Leave the Risk-Seeking Behavior to the Bullfighters

By Charles Sizemore  |  November 4, 2019

I’ll admit, I got a late start this morning. Yesterday was the start of Lima’s annual bullfight festival, and it ended up being a late night.

If you’ve never seen a bullfight, you should make that a bucket list item. They’re magical. A talented bullfighter can mesmerize both the bull and the crowd. When I say there’s nothing else like it, I mean it. There really is nothing else like it.

Andres Roca Rey, one of the bullfighters for the event, was in rare form. This was his first fight in months, as he was recovering from a back injury he suffered in the ring. But from his performance, you would have never known.

Roca Rey is the best bullfighter in the world today, and he’s absolutely fearless in the ring. He’s been gored more times than I can count, and yet he keeps coming back for more.

The active courting of danger is what makes bullfighting so exciting.

The Excitement in Danger

You have to be a little crazy to get into a ring and challenge a 1,000-pound fighting bull bred for aggressiveness to charge at you. And you have to be stark-raving mad to get back into the ring after being brutally gored. But that’s the psyche of a bullfighter.

I once had a long conversation with a retired bullfighter. He told me his biggest regret in life was not dying in the ring. I asked him how he could say that considering he had a lovely wife and kids that adored him, and he just sort of shrugged and laughed.

This is what an economist would call risk-seeking behavior. While it makes for an impressive show, it doesn’t always get the best results in other facets of life, such as investing.

Just look at junk bond yields today.

The Bank of America High Yield Master Index of junk bonds yields just 5.7%, which is close to an all-time low.

As recently as last December, the index yielded over 8%.

In early 2016, it yielded 10%.

A Better Way to Profit

Now, 8% to 10% is a reasonable yield range. At that level, you’re being compensated for the risk that some of the borrowers might default. And in a recession, you can bet that some of them will. You’re also likely to get some decent capital gains if market yields edge lower.

But at a yield of just 5.7%, there’s really no margin of error. They only way to get capital gains would be for yields to drop to new all-time lows. If the economy has as much as a hiccup that raises default risk, you’re likely going to lose your shirt. You’re accepting a lot of risk for a relatively meager 5.7% return.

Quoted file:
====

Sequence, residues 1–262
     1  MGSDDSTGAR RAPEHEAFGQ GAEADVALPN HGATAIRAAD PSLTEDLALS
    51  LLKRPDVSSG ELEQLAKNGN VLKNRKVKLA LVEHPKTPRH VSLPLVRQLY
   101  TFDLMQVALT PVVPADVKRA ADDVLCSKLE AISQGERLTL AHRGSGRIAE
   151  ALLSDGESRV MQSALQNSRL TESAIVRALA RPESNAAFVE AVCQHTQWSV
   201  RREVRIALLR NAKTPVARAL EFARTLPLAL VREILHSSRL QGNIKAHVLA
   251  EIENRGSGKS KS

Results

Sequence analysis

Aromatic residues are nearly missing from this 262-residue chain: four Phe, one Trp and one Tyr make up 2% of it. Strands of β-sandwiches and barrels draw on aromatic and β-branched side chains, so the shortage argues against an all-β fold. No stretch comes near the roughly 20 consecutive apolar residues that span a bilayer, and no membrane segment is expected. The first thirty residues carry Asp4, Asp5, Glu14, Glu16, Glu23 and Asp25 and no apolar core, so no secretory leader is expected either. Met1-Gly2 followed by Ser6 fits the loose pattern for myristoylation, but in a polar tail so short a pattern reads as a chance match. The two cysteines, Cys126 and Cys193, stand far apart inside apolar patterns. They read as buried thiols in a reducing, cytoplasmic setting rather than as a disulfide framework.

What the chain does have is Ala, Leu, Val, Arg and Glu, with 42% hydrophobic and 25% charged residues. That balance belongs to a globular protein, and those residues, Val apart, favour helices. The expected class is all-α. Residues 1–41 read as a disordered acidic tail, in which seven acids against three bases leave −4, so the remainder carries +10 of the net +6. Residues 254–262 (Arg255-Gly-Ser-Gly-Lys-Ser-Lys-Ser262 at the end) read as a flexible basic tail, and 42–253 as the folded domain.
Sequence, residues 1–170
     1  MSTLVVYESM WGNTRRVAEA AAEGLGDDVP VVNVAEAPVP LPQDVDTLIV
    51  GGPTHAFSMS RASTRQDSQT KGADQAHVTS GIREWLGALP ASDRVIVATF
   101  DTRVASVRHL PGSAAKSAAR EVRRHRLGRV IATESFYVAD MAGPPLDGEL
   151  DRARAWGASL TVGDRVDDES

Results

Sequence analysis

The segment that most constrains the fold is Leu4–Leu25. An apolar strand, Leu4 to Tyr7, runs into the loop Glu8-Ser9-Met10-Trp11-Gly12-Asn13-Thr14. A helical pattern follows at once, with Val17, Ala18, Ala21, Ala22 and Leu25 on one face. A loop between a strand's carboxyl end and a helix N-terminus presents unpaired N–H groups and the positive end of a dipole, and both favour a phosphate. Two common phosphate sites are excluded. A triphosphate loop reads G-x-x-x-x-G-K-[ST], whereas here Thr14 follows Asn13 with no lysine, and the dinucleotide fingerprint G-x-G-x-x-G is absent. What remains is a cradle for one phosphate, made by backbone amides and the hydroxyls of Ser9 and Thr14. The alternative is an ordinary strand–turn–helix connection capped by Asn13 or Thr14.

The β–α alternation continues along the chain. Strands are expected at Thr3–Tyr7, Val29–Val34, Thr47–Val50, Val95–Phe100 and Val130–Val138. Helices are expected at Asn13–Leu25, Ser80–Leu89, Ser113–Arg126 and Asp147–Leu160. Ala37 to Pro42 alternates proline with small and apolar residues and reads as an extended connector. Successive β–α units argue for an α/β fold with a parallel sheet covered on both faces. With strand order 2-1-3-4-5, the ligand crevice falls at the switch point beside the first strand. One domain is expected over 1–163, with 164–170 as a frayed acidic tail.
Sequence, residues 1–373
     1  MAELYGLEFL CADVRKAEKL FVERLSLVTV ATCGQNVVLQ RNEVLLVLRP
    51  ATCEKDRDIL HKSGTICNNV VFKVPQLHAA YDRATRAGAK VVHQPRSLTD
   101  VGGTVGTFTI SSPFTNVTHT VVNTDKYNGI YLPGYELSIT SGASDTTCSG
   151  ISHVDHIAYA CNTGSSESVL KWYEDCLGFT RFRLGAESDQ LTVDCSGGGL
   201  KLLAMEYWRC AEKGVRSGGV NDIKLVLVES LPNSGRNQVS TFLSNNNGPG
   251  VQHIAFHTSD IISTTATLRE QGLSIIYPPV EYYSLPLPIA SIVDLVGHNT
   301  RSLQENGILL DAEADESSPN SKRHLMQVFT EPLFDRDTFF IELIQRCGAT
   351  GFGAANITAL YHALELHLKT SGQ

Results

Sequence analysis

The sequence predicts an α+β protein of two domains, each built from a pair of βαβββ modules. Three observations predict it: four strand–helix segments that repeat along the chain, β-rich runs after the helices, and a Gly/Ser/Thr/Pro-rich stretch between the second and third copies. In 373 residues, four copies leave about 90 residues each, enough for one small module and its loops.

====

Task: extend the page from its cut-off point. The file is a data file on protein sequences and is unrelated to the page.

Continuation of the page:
You won’t find me recommending junk bonds in Peak Income, at least not at these prices.

Why settle for a 5.7% yield with the very real possibility of major capital losses, when you can get vastly higher yields with a strong probability of capital gains to boot?

The opportunities aren’t quite as abundant today as they were a year ago, but the Peak Income portfolio is chock full of companies with yields of 8% to 10%, and some even higher.

There’s no need to seek risk to land worthy profits. To learn out more about Peak Income, click here.

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Charles Sizemore

Income and Retirement Strategist, Charles Sizemore, CFA specializes on dividend-focused portfolios and building alternative allocations by finding value opportunities outside of the mainstream stock market.

Charles is the executive editor and portfolio manager for Dent Research's premium newsletters, Peak Income and Peak Profits.

He is also a frequent guest on CNBC, Bloomberg TV, Fox Business News and Straight Talk Money Radio, and has been quoted in Barron’s Magazine, The Wall Street Journal, and The Washington Post. He is a frequent contributor to Forbes, GuruFocus, MarketWatch and

Charles holds a master’s degree in Finance and Accounting from the London School of Economics in the United Kingdom and a Bachelor of Business Administration in Finance with an International Emphasis from Texas Christian University in Fort Worth, Texas, where he graduated Magna Cum Laude and as a Phi Beta Kappa scholar. MORE FROM AUTHOR